By Francesco Guarascio
BRUSSELS (Reuters) – Euro zone growth was better than expected in the second quarter, flash estimates showed on Tuesday, in a sign that the negative effects of global trade tensions might be seen only later in the year.
However, while the economy expanded by 0.4 percent in the second quarter, above forecasts of 0.3 percent growth, industrial output in the in 19-country currency bloc fell sharply in June driven by a collapse in machinery and equipment investment, European statistics office Eurostat said.
Eurostat’s flash growth estimate was also higher than its previous estimate of 0.3 percent growth. The agency also revised up the year-on-year growth to 2.2 percent from its previous 2.1 percent estimate.
The revised monthly figure, if confirmed by final data to be released on Sept. 7, would show that the bloc has maintained a 0.4 percent growth pace in the first two quarters of the year, confounding initial fears of a slowdown in the second quarter.
The better-than-expected estimate could increase the European Central Bank’s confidence in winding down its asset purchase programme, but the growth outlook remains unclear, given the industrial output data.
The bloc was outperformed by the United States which doubled to 1.0 percent its quarterly growth from 0.5 percent in the first quarter of the year.
Eurostat’s upward revision came after Germany, the bloc’s largest economy, recorded a better-than-expected 0.5 percent expansion in the second quarter, driven by consumption and state spending that could signal the beginning of a shift from Germany’s export-led economic model.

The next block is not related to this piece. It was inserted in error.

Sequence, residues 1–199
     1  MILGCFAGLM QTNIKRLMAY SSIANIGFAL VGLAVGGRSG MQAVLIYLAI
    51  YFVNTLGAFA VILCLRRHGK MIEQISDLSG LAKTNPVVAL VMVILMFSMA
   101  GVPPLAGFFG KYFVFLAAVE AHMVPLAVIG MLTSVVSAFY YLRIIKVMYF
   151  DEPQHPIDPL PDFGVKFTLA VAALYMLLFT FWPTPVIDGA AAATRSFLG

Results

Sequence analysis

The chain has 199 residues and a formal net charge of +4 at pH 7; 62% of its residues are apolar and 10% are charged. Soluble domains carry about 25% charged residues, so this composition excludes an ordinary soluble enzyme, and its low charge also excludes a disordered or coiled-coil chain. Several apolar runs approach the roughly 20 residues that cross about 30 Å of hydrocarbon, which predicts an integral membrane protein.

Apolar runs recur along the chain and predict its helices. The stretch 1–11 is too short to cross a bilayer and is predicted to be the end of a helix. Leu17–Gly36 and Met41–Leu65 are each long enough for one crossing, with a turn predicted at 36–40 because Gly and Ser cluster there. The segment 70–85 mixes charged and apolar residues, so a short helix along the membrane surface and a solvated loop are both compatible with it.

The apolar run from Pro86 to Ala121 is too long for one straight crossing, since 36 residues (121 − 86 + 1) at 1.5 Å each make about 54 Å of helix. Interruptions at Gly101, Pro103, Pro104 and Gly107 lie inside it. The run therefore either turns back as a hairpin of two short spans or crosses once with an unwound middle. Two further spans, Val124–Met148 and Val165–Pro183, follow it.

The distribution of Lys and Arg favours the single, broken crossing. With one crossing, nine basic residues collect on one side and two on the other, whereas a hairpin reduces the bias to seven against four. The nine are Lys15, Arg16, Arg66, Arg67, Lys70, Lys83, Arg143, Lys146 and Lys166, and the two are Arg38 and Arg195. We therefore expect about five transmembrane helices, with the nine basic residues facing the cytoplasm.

But it said the bloc’s industrial output fell by 0.7 percent in June on the month, recording a larger drop than expected by economists polled by Reuters who had forecast a 0.4 percent fall.
Germany’s monthly output was down by 0.6 percent in June after a 2.4 percent growth in May, Eurostat said.
“For the months ahead, production seems to be limited by concerns about the global economy on the one hand and capacity constraints on the other,” Bert Colijn, a senior economist at ING bank said in a note to clients, predicting that the euro zone’s current growth rate would remain unchanged this year.
“2018 has been somewhat of a disappointment so far.”
The euro zone’s highly volatile industrial production had expanded by 1.4 percent in May, Eurostat said, revising up its previous estimate of 1.3 percent growth.
The production plunge was mostly driven by a 2.9 percent drop in the output of capital goods, like machinery, in a sign that firms may be preparing for slower growth in the coming months.
The output of consumer and intermediate goods also fell, while the production of energy increased by 0.5 percent from May.
On the year, industry output was up by 2.5 percent in June, and the May figure was revised up to 2.6 percent from a previous estimate of a 2.4 percent increase.
(Reporting by Francesco Guarascio; Editing by Robert-Jan Bartunek and Alison Williams)